Considering the critical importance of immunomodulation by the AMPs in host defence, transcriptional downregulation would be the most efficient mode of immune evasion by pathogenic microorganisms. High AMP levels in the unstimulated cells and further modulation by multiple stimuli offer us a unique paradigm to study basal and inducible transcriptional regulation. Future studies in this direction would not only expand our knowledge about this fascinating biological process, but also help to identify novel targets to modulate the expression of these endogenous antibiotics to human benefits.
Cells and reagents
IL-8 reporter construct was a generous gift from Dr Suresh Tikoo, University of Saskatchewan, Saskatoon, Canada. HT-29 (HTB-38), Caco-2 (HBT-37), T84 (CCL-248) and INT407 (CCL6) cell lines were purchased from American Type Culture Collection (ATCC). NaB, p-nitrophenyl phosphate (NPP), purified CT, anti-CT antibody, ST of E. coli, 8Br-cAMP, N6,2′-O-dibutyryladenosine-cAMP (db-cAMP), prostaglandin, forskolin, Rp-cAMP, nimesulide and etoricoxib were purchased from Sigma. LL-37 antibody and FITC-conjugated anti-goat IgG were procured from Santa-Cruz Biotechnology and Jackson Laboratories respectively. Synthetic inhibitors (U0126, PD98059, Cox-2 inhibitor IV and 2′5′DDA) were purchased from Calbiochem, USA and TNF-α was procured from R&D Systems, USA. Oligonucleotides for the amplification of LL-37 (FP: 5′-CCAAGCCTGTGAGCTTCACAG-3′; RP: 5′-CTTGGCCTTCCCTCTGTAAC-3′), HBD-1 (FP: 5′-CAGGTGGTAACTTTCTCACAG-3′; RP: 5′-CTTGGCCTTCCCTCTGTAAC-3′), HBD-2 (FP: 5′-CCATGAGGGTCTTGTATCTCC-3′; RP: 5′-GAGACCACAGGTGCCAATTTG-3′), HBD-3 (FP: 5′-GTTCCAGTTCATGGAGGAATC-3′; RP: 5′-GTCGAGCACTTGCCGATCTG-3′), MBD-1 (FP: 5′-CTGCTGATATGCTGCCTCCT-3′; RP: 5′-AGGGGTTCTTCTCTGGGAAA-3′), CAP18 (FP: 5′-TACGGTGAAGGAGACGGAGT-3′; RP: 5′-AATCTGTCCTGGGTGGAAGT-3′) CRAMP (FP: 5′-TCCCAAGTCTGTGAGGTTCC-3′; RP: 5′-CCGGCTGAGGTACAAGTTTC-3′), GAPDH (human) (FP: 5′-GAGAACGGGAAGCTTGTCATC-3′; RP: 5′-CATGACGAACATGGGGGCATC-3′), GAPDH (mouse/rabbit) (FP: 5′-GGTCTACATGTTCCAGTATG-3′; RP: 5′-ATCACAAACATGGGGCATC-3′), IL-8 (FP: 5′-CTTGGCAGCCTTCCTGATTTCTGC-3′; RP: 5′-GTGGTCCACTCTCAATCACTCTC-3′), KC (FP: 5′-GCTGGGATTCACCTCAAGAA-3′; RP: 5′-TGGGGACACCTTTTAGCATC-3′), LL-37 upstream regulatory sequences (FP: 5′-TAGATGGAGCAGAGCCTTCG-3′; RP: 5′-AGGGGCGGTAGAGGTTAGC-3′) and ICER (FP: 5′-TGGAGATGAAACAGATGAGGAA-3′; RP: 5′-TCTCTGAGGGCCTTGAGTTC-3′) were custom synthesized from IDT, USA.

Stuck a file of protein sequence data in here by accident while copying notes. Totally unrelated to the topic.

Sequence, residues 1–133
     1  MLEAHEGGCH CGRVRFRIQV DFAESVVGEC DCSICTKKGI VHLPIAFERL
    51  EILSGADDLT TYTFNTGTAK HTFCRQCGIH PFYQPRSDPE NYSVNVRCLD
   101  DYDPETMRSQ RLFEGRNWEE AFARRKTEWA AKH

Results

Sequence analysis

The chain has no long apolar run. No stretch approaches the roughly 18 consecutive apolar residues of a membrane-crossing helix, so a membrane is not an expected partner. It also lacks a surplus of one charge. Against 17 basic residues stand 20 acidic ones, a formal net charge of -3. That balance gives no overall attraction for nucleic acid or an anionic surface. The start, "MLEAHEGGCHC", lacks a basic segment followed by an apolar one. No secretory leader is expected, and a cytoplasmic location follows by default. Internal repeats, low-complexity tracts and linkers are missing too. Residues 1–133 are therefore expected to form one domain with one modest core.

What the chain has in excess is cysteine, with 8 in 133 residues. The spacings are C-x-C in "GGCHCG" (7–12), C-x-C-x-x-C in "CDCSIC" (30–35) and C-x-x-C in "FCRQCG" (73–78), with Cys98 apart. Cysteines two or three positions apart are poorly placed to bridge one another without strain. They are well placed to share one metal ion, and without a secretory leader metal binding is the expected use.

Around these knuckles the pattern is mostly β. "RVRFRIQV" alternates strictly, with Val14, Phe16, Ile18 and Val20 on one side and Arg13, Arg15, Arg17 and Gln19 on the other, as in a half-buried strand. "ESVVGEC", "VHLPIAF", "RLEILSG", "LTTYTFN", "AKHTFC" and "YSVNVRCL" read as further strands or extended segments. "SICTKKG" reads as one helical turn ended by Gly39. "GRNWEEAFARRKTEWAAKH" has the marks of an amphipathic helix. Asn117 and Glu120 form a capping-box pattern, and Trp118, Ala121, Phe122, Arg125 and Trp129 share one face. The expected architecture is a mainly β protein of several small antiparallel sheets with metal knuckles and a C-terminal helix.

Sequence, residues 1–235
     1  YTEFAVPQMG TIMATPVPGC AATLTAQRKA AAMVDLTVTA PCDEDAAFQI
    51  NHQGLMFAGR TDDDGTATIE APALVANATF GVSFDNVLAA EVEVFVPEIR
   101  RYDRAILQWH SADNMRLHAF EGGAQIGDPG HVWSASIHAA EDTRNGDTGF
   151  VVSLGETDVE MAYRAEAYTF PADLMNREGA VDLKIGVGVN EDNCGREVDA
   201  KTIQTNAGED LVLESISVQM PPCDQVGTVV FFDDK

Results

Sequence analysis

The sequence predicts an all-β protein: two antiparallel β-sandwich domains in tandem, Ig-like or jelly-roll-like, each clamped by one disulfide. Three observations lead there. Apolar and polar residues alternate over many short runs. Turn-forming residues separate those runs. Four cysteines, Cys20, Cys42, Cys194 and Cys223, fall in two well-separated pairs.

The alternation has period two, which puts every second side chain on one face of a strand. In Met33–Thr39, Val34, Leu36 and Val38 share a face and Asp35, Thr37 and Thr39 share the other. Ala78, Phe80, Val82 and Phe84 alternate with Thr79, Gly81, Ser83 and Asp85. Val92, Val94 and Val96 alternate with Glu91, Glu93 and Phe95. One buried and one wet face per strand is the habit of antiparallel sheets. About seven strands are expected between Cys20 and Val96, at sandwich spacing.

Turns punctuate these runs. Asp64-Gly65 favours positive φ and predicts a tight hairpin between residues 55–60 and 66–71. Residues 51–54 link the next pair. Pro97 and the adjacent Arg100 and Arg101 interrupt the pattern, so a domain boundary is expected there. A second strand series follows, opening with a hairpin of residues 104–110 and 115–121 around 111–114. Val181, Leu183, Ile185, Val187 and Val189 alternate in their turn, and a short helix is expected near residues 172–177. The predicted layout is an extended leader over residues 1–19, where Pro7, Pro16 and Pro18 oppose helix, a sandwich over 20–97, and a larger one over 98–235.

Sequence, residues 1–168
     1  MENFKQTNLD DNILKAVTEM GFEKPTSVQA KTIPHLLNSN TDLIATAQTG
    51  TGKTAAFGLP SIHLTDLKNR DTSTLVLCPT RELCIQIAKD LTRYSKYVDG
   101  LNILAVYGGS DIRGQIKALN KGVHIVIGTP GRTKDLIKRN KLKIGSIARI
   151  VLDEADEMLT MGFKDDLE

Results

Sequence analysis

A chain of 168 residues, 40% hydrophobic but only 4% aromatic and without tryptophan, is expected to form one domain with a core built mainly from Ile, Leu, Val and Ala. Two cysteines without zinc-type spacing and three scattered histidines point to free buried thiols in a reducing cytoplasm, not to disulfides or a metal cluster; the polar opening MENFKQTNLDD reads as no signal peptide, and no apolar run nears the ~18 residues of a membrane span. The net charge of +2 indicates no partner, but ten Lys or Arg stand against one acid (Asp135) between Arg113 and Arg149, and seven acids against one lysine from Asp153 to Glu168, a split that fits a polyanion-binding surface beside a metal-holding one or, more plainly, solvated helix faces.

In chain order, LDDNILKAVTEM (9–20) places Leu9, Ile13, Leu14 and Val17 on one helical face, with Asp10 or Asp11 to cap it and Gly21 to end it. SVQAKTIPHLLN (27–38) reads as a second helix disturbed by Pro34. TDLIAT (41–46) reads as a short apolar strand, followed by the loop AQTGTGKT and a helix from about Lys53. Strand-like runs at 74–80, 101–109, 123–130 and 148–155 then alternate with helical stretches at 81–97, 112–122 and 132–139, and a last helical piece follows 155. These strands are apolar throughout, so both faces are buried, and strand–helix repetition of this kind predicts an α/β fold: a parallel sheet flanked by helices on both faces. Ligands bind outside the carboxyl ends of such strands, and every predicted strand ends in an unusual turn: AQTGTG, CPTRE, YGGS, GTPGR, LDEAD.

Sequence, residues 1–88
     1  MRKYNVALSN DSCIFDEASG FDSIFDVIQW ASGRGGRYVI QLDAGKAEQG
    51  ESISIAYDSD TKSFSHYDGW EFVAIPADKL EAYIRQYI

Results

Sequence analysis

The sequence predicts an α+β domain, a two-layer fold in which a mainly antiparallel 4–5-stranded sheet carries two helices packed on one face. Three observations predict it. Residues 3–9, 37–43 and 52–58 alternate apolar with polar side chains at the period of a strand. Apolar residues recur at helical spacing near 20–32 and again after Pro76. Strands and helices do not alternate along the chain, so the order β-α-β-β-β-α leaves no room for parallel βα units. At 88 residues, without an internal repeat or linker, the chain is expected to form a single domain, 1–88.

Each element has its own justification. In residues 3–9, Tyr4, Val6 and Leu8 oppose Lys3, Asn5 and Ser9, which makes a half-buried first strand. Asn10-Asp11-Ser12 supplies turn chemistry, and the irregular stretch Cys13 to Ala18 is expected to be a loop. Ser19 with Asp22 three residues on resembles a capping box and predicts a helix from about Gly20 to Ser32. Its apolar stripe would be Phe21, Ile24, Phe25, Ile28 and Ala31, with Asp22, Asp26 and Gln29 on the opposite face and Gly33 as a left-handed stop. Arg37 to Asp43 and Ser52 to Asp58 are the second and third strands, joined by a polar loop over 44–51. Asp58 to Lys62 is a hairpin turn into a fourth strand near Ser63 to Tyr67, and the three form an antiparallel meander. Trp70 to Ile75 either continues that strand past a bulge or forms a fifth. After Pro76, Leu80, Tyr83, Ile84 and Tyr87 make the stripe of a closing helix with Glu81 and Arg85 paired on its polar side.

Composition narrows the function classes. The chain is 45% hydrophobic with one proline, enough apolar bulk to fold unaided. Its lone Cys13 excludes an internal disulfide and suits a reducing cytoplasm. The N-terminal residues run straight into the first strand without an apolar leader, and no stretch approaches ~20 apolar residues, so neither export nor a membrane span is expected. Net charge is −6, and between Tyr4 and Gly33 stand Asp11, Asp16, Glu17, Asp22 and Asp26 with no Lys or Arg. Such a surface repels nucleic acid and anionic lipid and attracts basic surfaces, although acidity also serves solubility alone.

Salmonella typhimurium LT2 (ATCC # 33068) and S. dysenteriae type I were kindly provided by Professor Maharani Chakraborti, Emeritus Scientist and Dr Swapan Kumar Neogi, Deputy Director of NICED, Kolkata, respectively. All other bacterial strains were provided by the authors T.R. and A.K.M. Isogenic mutant of V. cholerae O139 Bengal (SG24) was generated and characterized in the laboratory of the corresponding author (see later). All the bacterial strains used in the current study are discussed in Table 1.
Generation of isogenic CT mutant of V. cholerae O139 Bengal (SG24)
Isogenic CT mutant of SG24 strain was generated by a technique called recombineering (Datta et al., 2006). Briefly, SG24 strain was electroporated with pSIM6 plasmid carrying the genes for bacteriophage λ recombination. Kanamycin resistance gene was amplified from E. coli Dy411 strain using primers containing partial sequence (50 bp) of CT gene as 5′ overhang (Fp: 5′-aagcagtcaggtggtcttatgccaagaggacagagtgagtactttgaccgtatggacagcaagcgaaccgga-3′; RP: 5′-GATCTTGGAGCATTCCCACAACCCGGCGGTGCATGATGAATCCACGGCTCTCAGAAGAACTCGTCAAGAAG-3′) and electroporated into pSIM6-transformed SG24. Positive clones were selected in Amp/Kan plates grown at 32°C. Deletion mutation of CT was confirmed by PCR amplification of ctx gene and morphological changes in CHO cell assay (data not shown).
Preparation of bacterial supernatants and other cellular fractions
All bacteria were cultured in LB-Miller (DIFCO) broth and the culture was filtered by passing it through 0.22 μm membrane when the OD600 reached 1. Bacteria-free supernatants were concentrated by AmiconTM column (Millipore) followed by the treatment with or without proteinase K (200 μg ml−1), anti-CT antibody (sigma) or heat (56°C and 100°C).
To prepare the crude membrane fraction, cells were pelleted from an overnight culture in LB-Miller. The cell pellet was re-suspended in 100 μl of buffer A (50 mM Tris-Cl, pH 7.5, 10% sucrose) and frozen in liquid nitrogen followed by addition of lysozyme (250 μg ml−1) to the thawed cell suspension. The cells were lysed at 37°C for 30 min, followed by immediate chilling in ice-cold water and centrifuged at 65 000 r.p.m. in an ultracentrifuge (Beckman) for 30 min. The pellet was washed with buffer A and re-suspended in buffer A containing 5 mM MgCl2, 10 μg ml−1 RNase A and 10 μg ml−1 DNase and incubated at 37°C for 45 min.
To prepare heat-killed bacteria, cells grown in LB were harvested by centrifugation. The pellet was re-suspended in PBS and heated at 95°C for 10 min.
Bacterial cell lysate was prepared by repeated cycles of freezing and thawing in liquid N2 and 37°C water bath, respectively.
Purification of LT
Labile toxin of ETEC was purified as described previously (Uesaka et al., 1994). Briefly, bacterial cells were disrupted by sonication and the debris was removed by centrifugation. Crude toxin was prepared by ammonium sulfate fractionation (65%) of the clear lysate followed by dialysis. For further purification, crude toxin was bound to immobilized d-galactose packed in a column and eluted with TEAN buffer (50 mM Tris-HCl, pH 7.4, 0.2 M NaCl, 3 mM NaN3 and 1 mM EDTA). The eluted fractions that gave positive results in an LT-specific bead-ELISA were concentrated and further resolved by HPLC using Superose 12. A major peak, eluted at a retention time of 27 min, gave positive results for both bead-ELISA and morphological changes in CHO cell assay. The protein eluted in this peak was used as purified LT in the subsequent experiments.